7th September

Without Prejudice

‘Do these words mean anything?’ Alex Mather said. ‘Does the writer of this letter have any idea what he is saying or has he just stuck in a phrase he’s vaguely heard somewhere and is hoping for the best?’

‘I don’t know, Alex,’ Jill Mather said. ‘What words? May I see it?’

Alex kept the letter in his hand.

‘ “Without prejudice”,’ he said. ‘Does that mean, “I am not prejudiced, I
am a completely rational, balanced sort of chap so anything I say is common sense”? Or, on the other hand –’

‘I think it means you are being constructive and honest in your correspondence about some dispute in a genuine effort to settle it but, notwithstanding that you may have made some admission or concession, if it goes to court none of what you’ve written in the letter can be used in evidence against you.’

‘Oh, like a kind of magic spell? You are a shower of shysters, cheats and all round grade-A bastards but because I’ve put “without prejudice” at the top of my letter you can’t sue me for saying those things?’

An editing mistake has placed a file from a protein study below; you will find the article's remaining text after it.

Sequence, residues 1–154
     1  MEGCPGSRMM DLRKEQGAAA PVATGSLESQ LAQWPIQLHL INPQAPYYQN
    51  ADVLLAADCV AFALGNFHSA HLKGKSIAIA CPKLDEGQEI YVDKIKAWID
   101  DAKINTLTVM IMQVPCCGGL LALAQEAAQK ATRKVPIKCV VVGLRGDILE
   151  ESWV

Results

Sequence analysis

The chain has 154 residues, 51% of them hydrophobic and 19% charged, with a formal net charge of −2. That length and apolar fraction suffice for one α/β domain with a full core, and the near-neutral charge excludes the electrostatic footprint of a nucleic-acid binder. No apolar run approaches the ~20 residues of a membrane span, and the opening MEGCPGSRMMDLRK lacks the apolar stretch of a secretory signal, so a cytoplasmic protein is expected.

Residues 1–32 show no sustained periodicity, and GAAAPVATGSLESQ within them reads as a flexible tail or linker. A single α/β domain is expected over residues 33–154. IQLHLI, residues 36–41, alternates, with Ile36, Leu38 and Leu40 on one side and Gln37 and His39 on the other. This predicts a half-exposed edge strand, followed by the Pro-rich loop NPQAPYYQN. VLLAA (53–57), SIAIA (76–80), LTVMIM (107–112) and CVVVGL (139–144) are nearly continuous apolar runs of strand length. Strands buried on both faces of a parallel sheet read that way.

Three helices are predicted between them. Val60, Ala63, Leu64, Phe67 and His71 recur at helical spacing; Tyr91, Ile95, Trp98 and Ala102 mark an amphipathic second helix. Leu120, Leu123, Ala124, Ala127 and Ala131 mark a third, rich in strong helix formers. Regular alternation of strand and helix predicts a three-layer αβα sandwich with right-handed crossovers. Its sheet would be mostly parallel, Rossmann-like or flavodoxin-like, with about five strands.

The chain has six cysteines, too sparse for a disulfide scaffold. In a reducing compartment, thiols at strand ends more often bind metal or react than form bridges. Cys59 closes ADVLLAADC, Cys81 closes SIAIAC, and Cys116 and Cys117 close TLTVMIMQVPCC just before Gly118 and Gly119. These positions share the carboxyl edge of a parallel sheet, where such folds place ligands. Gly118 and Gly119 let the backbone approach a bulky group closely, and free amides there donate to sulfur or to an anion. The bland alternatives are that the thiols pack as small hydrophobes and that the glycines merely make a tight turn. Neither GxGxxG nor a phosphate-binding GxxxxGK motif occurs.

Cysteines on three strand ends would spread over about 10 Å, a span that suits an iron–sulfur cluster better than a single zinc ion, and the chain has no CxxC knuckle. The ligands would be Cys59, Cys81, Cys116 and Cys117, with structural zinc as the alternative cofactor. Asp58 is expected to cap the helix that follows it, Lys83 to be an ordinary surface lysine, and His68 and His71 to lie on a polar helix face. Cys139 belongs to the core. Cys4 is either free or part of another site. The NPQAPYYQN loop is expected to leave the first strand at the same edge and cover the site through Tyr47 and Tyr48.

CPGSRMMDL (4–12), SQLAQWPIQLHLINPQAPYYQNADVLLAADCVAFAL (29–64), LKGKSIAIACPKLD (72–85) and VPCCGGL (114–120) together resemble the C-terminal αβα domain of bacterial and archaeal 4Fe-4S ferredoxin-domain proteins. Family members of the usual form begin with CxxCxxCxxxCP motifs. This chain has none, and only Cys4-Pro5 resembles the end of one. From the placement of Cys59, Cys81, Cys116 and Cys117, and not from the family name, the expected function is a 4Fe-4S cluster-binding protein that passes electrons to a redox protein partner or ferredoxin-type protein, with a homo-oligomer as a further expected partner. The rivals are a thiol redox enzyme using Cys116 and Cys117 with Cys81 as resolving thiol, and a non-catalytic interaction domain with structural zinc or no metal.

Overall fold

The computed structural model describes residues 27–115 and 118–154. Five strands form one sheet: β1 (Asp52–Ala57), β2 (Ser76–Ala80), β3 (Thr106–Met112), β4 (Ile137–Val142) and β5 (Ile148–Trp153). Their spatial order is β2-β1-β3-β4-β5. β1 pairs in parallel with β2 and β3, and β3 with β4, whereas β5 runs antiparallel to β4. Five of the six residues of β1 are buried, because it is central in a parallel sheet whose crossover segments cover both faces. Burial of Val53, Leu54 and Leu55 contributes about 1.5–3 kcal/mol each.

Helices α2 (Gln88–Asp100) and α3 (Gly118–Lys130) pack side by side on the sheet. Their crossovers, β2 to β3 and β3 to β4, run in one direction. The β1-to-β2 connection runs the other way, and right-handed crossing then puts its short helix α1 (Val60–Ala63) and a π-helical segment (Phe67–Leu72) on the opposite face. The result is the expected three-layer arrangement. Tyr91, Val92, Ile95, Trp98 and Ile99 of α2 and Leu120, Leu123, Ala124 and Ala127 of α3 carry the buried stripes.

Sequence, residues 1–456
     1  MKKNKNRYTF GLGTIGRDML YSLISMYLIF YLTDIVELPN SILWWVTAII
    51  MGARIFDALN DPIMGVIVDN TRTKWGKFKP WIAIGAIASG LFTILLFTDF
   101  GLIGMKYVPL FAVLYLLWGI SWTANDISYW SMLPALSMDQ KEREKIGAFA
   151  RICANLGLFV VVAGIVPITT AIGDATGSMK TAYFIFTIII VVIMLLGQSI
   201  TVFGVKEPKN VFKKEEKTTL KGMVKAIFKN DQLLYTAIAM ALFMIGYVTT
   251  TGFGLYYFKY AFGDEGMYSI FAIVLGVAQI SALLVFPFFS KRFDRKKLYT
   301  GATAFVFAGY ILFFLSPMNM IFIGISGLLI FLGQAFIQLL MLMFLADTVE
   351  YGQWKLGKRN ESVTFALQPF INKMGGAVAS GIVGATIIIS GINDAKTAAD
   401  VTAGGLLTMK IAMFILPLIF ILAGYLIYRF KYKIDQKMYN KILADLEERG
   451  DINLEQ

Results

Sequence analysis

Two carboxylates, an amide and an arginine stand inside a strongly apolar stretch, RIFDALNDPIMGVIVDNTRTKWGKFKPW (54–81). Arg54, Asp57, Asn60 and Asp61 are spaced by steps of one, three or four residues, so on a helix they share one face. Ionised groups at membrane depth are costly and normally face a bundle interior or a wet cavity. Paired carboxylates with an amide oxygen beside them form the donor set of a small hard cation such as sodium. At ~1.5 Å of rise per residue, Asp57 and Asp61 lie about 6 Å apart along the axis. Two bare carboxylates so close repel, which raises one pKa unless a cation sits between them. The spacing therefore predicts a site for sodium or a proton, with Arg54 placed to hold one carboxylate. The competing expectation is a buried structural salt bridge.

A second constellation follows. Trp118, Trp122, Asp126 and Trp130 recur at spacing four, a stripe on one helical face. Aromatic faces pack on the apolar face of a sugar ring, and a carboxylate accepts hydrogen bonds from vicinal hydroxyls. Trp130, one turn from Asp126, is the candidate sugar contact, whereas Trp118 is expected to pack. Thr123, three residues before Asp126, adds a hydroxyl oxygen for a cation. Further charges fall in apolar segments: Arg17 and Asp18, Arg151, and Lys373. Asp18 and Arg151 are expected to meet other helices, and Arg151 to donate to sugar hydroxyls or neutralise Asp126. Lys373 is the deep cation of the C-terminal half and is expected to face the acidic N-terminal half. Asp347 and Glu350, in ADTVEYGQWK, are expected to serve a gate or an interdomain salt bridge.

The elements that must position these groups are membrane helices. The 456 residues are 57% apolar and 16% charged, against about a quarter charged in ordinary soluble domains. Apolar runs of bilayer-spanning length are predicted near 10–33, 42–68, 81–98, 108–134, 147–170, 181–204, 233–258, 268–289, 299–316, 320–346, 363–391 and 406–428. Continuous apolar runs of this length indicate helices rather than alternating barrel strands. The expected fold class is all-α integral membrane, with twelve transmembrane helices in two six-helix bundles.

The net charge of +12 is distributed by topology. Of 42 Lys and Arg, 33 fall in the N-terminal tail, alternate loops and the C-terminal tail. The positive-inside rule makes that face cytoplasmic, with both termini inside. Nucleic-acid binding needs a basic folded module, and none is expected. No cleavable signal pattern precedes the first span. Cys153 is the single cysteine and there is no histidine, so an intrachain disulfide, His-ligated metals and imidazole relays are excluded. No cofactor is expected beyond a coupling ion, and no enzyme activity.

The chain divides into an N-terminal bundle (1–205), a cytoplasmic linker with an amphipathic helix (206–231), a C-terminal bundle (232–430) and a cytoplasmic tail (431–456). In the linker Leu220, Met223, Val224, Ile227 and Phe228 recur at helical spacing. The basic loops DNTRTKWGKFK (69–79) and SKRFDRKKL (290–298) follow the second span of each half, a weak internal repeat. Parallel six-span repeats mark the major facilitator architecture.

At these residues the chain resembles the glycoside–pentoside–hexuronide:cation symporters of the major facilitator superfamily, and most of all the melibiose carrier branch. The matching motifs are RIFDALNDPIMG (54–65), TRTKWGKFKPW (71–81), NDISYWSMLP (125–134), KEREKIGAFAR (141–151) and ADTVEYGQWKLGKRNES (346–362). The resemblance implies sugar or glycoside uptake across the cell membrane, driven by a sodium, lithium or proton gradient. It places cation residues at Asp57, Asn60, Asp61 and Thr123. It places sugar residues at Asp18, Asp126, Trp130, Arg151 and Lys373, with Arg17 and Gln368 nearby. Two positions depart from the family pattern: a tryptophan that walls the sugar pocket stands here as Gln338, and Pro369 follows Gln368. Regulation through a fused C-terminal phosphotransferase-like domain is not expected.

‘No, that’s not what I mean. Did you notice my use of the word “constructive”?’

‘I noticed your use of the word “notwithstanding”. You haven’t been studying to be a lawyer on the QT, have you?’

‘ “On the QT”? Is that a phrase you’ve vaguely heard somewhere? Anyway, what has this correspondent written that so upsets you?’

‘I’m not upset, I’m just wondering if “without prejudice” covers everything. In the context.’

‘In the context of what?’

‘Of the letter, of course.’

‘Alex, who has written this letter and what is it about?’

‘It’s about that parking ticket I got last week.’

‘So it’s your letter?’

‘Kind of.’

‘And you’ve written “without prejudice” at the top and then fired off a
stream of invective at officialdom?’

‘More or less. Stream of consciousness, I’d say.’

‘Are you going to pay or are you appealing against a gross injustice?’ ‘The cheque’s written. I just wondered . . .’

‘Give me the letter, Alex. Thank you. Now watch as I tear it to shreds. Without prejudice, which means with common sense.’

‘That’s what I thought it meant.’

Reader: Tam Dean Burn
Fiddle: Aidan O'Rourke
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